Environment Minister’s decision “incentivises the pollution of the River Wye”

Responding to the decisions by the outgoing Environment Minister, Rebecca Pow, to refuse the request from Herefordshire Council to introduce a Water Protection Zone (WPZ) for the River Wye, the Angling Trust is calling on Defra to think again.


Jamie Cook, CEO at the Angling Trust, said, “With the Environment Minister, Rebecca Pow resigning from the government, as part of the political upheavals we have witnessed in the past week, it is desperately disappointing that one of the last decisions she took as a minister was to condemn the River Wye to further degradation by refusing to allow for greater protection and increased action to save one of Britain’s most important and iconic rivers. The Wye has been plagued by increasing amounts of pollutions from intensive agriculture, this pollution from intensive poultry farming is, without exaggeration, killing the river.

“Both the Environment Agency and Natural Resource Wales have consistently failed in their duty to protect the river. Introducing a WPZ would have helped to change that. It would have led to a greater focus, more resources, and more action. Rather than showing the leadership needed, Pow and her department have chosen to side with the polluters. As a new caretaker government takes over, we call on Defra to think again.”


In rejecting the proposal by Herefordshire Council, Minister Pow, stated she did not to intend to impose, “additional regulatory burdens”. The Angling Trust disputes this interpretation.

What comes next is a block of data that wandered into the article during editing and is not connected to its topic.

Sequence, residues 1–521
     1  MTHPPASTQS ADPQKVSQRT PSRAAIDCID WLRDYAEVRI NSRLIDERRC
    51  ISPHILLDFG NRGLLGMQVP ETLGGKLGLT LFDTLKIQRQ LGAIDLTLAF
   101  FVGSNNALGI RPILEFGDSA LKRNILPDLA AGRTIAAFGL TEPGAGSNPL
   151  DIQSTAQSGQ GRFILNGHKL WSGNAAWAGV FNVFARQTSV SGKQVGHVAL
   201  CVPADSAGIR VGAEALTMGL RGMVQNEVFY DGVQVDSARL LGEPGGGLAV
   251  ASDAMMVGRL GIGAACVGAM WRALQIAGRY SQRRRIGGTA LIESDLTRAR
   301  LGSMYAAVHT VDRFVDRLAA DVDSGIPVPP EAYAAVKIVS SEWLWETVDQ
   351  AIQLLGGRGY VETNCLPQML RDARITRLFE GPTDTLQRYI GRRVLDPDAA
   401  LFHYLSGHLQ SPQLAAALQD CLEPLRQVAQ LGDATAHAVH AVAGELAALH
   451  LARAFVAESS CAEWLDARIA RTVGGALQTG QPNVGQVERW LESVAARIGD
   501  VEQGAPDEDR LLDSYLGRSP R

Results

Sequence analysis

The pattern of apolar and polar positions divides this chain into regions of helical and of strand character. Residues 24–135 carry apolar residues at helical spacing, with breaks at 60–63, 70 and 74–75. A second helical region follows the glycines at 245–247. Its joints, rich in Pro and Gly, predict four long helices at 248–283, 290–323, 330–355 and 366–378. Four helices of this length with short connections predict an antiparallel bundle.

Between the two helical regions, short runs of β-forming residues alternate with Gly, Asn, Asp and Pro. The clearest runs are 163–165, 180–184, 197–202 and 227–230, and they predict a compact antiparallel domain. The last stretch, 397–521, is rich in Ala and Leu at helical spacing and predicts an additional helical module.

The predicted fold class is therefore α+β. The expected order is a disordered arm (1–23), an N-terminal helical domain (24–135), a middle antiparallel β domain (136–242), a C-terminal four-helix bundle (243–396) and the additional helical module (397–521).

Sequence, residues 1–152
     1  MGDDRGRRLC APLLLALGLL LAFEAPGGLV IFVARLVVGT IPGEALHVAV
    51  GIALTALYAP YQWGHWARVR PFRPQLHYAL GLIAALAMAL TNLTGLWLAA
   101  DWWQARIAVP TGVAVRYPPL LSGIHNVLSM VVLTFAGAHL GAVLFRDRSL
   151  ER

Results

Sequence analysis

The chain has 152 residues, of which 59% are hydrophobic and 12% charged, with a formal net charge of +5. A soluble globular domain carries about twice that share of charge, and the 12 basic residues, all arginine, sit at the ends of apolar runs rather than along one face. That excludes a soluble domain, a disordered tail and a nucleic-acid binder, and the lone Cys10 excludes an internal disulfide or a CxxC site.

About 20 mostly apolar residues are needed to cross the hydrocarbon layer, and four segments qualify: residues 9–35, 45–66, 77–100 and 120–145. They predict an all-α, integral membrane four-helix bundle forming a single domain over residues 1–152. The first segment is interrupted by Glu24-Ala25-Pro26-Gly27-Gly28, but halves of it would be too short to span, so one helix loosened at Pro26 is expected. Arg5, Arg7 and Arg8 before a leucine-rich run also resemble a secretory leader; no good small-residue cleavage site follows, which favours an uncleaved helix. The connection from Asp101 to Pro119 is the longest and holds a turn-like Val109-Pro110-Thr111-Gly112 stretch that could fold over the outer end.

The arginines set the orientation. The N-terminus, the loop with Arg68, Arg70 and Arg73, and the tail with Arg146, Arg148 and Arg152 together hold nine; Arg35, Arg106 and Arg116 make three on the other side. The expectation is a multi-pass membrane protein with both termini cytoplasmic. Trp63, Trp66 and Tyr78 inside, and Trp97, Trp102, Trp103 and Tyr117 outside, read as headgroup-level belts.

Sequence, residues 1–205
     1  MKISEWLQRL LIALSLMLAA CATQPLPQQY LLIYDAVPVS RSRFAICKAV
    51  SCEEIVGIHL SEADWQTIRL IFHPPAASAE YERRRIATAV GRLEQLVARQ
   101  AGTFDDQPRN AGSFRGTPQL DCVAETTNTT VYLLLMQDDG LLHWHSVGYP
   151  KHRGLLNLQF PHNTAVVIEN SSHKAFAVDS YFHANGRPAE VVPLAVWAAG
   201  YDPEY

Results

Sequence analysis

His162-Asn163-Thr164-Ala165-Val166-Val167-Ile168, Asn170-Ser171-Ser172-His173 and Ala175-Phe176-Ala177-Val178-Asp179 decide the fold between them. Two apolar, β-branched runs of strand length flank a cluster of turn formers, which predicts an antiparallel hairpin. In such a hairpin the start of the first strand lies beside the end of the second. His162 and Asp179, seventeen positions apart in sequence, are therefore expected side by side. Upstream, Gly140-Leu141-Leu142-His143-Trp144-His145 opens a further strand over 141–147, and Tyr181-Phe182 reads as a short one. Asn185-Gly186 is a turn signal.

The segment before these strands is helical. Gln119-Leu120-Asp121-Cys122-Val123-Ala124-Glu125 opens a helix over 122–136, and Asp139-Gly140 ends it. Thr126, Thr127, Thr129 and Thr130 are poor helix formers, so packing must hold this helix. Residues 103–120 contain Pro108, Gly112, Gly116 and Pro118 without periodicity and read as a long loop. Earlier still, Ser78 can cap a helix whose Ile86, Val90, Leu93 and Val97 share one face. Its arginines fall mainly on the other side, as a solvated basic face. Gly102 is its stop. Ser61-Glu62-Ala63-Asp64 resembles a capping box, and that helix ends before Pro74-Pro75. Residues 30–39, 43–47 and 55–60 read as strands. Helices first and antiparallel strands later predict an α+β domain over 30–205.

Stuart Singleton- White, Head of Campaigns at the Angling Trust, said, “Those farmers who are already following regulations, such as the farming rules for water, and who are already being responsible by managing their farms well, would have nothing to fear from the creation of a WPZ. In fact, what Rebecca Pow has done in taking this decision is to continue to support a perverse incentive. It is farmers who go to the effort of obeying the existing rules who are the ones being penalised. Those who ignore the rules and are allowed to get away with it, are therefore incentivised to pollute. Introducing an WPZ would have helped to change that.”


He added: “Only recently the Environment Agency has been awarded extra funding to increase the number of farm inspectors. This was welcomed by the Angling Trust. But Defra themselves were then recently forced to reverse a decision to allow farmers to spread manure at the wrong time of year and now they are standing in the way of additional measures to protect the River Wye, it sometimes feels as if they are giving with one hand and taking away with the other.”

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